Think of disgraced lobbyist Jack Abramoff now as a tour guide for federal prosecutors. After agreeing to plead guilty to three felony charges in an influence peddling and bribery case, Abramoff now will lead government attorneys by the hand through the sordid thickets of his corrupt deals, pausing especially to point out along the way when those deals involved our elected officials.
Today, then, is a great day for the federal lawyers who are in charge of an investigation that hopefully will change the way Washington does business. Concomitantly, it is an awful day for every member of Congress, mostly Republicans but some Democrats, too, who suckled up to Abramoff when he was on top. For the feds, the Abramoff deal makes their jobs much easier. For Abramoff's old contacts, people like Rep. Bob Ney, R-Ohio, the deal means, at best, a ton of legal expenses and more political embarrassment. At worst, it means prison time.
Never mind all the spin you'll likely hear (or already have heard) about this case. Just read Paragraph 32 of the "Factual basis for the plea of Jack A. Abramoff." It reads: "Beginning as early as January 2000, Abramoff… and others engaged in a course of conduct through which one or both of them offered and provided a stream of things of value to public officials in exchange for a series of official act and influence and agreements to provide official acts and influence…" What happens now will be the filling in of the blanks in that sentence.
It's hard to tell now whether the criminal cases that arise out of this momentous day will turn on factual disputes or legal standards. If Abramoff indeed bribed members of Congress, and if he names under oath those members of Congress, it's hard to imagine that there would be any defense that would create reasonable doubt in the minds of jurors. Just ask the recently-disgraced former Congressman, Randy "Duke" Cunningham, about the political and legal impact of being caught accepting bribes.
Indeed, I imagine that any elected officials fingered by Abramoff would either resign their office or plead guilty themselves — or some combination thereof. The phrase used in court during Tuesday's hearing — "corruption of public officials" — certainly will make a great campaign slogan this November for opponents of the political hacks who took Abramoff's money in exchange for what the judge said were "certain official acts."
But I also suspect that there will be gray areas, too, in the cases to come. Will prosecutors have a hard time proving the quid pro quo that goes along with any deal? Will defense attorneys somehow be able to spin their client's contact with Abramoff as mere lobbying? Congressman Ney said immediately after the Abramoff deal: "At the time I dealt with Jack Abramoff, I obviously did not know, and had no way of knowing, the self-serving and fraudulent nature of Abramoff's activities."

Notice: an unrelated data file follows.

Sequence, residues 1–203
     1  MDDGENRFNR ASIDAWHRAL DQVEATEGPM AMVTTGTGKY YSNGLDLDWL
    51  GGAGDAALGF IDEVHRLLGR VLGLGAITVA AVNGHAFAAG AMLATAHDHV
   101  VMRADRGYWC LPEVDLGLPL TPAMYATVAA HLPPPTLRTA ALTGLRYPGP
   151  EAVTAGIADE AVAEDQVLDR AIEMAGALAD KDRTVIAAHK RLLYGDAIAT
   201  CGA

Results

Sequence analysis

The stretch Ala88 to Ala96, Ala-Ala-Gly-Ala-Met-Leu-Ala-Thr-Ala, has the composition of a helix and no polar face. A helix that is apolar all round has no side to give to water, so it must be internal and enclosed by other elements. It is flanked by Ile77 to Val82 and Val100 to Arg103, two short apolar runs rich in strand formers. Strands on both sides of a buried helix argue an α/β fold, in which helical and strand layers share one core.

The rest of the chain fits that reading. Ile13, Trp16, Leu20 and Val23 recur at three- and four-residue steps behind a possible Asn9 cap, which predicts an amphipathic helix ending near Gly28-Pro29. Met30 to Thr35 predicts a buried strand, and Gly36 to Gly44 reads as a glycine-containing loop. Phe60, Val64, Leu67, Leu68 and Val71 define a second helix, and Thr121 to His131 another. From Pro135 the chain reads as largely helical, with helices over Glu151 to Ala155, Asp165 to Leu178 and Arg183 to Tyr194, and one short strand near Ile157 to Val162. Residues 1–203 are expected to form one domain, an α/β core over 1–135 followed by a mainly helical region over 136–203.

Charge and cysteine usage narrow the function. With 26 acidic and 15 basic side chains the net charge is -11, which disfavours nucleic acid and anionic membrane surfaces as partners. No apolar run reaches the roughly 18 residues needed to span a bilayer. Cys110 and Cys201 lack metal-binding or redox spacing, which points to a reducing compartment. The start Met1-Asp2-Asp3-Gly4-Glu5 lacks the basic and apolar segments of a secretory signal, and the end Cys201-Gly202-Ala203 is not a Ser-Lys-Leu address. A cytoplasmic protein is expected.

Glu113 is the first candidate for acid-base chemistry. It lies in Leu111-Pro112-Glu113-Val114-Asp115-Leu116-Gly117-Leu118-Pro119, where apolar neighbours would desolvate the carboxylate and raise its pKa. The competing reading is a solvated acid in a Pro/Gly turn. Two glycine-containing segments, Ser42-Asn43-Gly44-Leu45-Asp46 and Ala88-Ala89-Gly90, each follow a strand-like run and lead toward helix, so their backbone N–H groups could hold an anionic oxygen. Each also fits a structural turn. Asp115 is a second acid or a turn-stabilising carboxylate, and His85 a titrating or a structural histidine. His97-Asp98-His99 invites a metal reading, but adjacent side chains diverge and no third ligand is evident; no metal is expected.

And that's really all Ney and his pals can say at this point. The only defense here is that the elected officials did not have the requisite criminal intent at the time they made their deals with Abramoff and Company. They'll say that their votes and their other "certain official acts" are justifiable apart from anything Abramoff may have given them. They'll say that they were entitled to take money from lobbyists — that politicians do it all the time — but that they never did Abramoff's bidding on Capitol Hill (which begs the question, why would Abramoff have given them the money without getting something in return).
Already on Tuesday we saw why Abramoff was able during his salad days to charm the pants off both his poor clients — many of whom paid him so handsomely but who in the end were defrauded — and the politicians who like Claude Rains in Casablanca now claim to be shocked, shocked that Abramoff was up to no good. During his brief court appearance in Washington, Abramoff, less dapper than usual, practically oozed with remorseful soundbytes.
"Your honor," he said in court, "words will not be able to ever express how sorry I am for all this, and I have profound regret and sorry for the multitude of mistakes and harm that I have caused. All of my remaining days, I will feel tremendous sadness and regret for my conduct and for what I have done. I only hope that I can merit forgiveness from the Almighty and from those I have wronged or caused to suffer. I will work hard to earn that redemption."
Cue the violins. Of course, this tearjerker would play even better if 1) it had been televised, and 2) Abramoff's illegal conduct had taken place in an instant instead of over many carefully-choreographed years. But clearly Abramoff and his attorney know how the pre-trial game is played in Washington; know how to come off as a repentant and polished witness. This is just another headache for all those pols to treat as their year of living dangerously begins. And, of course, the difference between the sleazy Abramoff and the sleazy politicians he dealt with is that the former isn't an elected official entrusted to honorably conduct the nation's business.
It's hard to overplay what the Abramoff deal means for the investigation now underway in Washington. What's different about this deal compared with the plea deals we've seen recently involving former corporate executives is that Abramoff isn't a small fry who now will help the feds get the big chiefs. He isn't a Richard Causey who now will try to bring down Enron's Ken Lay and Jeffrey Skilling. Abramoff instead is the big guy in all of this, the Don, the center of the wheel who now will help the feds collect the spokes. He's a big prize for the feds. And a big worry for his former vessels of money.
By Andrew Cohen